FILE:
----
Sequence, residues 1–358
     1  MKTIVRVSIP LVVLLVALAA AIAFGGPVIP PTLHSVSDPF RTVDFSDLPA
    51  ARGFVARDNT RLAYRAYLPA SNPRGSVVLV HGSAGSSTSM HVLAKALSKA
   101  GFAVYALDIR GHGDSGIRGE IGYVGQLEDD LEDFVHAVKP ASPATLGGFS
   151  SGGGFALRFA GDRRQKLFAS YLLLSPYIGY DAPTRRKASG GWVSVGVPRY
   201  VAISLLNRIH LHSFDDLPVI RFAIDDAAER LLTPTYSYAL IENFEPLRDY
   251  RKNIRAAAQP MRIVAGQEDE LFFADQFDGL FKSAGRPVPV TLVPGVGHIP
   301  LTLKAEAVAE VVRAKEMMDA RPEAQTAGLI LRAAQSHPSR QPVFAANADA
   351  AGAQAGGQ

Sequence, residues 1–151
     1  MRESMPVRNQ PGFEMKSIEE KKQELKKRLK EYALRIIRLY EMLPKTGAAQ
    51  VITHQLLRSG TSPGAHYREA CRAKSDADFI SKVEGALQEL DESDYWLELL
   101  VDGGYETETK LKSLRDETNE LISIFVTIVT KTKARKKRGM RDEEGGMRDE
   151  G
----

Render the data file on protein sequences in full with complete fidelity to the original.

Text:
Sequence, residues 1–358
     1  MKTIVRVSIP LVVLLVALAA AIAFGGPVIP PTLHSVSDPF RTVDFSDLPA
    51  ARGFVARDNT RLAYRAYLPA SNPRGSVVLV HGSAGSSTSM HVLAKALSKA
   101  GFAVYALDIR GHGDSGIRGE IGYVGQLEDD LEDFVHAVKP ASPATLGGFS
   151  SGGGFALRFA GDRRQKLFAS YLLLSPYIGY DAPTRRKASG GWVSVGVPRY
   201  VAISLLNRIH LHSFDDLPVI RFAIDDAAER LLTPTYSYAL IENFEPLRDY
   251  RKNIRAAAQP MRIVAGQEDE LFFADQFDGL FKSAGRPVPV TLVPGVGHIP
   301  LTLKAEAVAE VVRAKEMMDA RPEAQTAGLI LRAAQSHPSR QPVFAANADA
   351  AGAQAGGQ

Sequence, residues 1–151
     1  MRESMPVRNQ PGFEMKSIEE KKQELKKRLK EYALRIIRLY EMLPKTGAAQ
    51  VITHQLLRSG TSPGAHYREA CRAKSDADFI SKVEGALQEL DESDYWLELL
   101  VDGGYETETK LKSLRDETNE LISIFVTIVT KTKARKKRGM RDEEGGMRDE
   151  G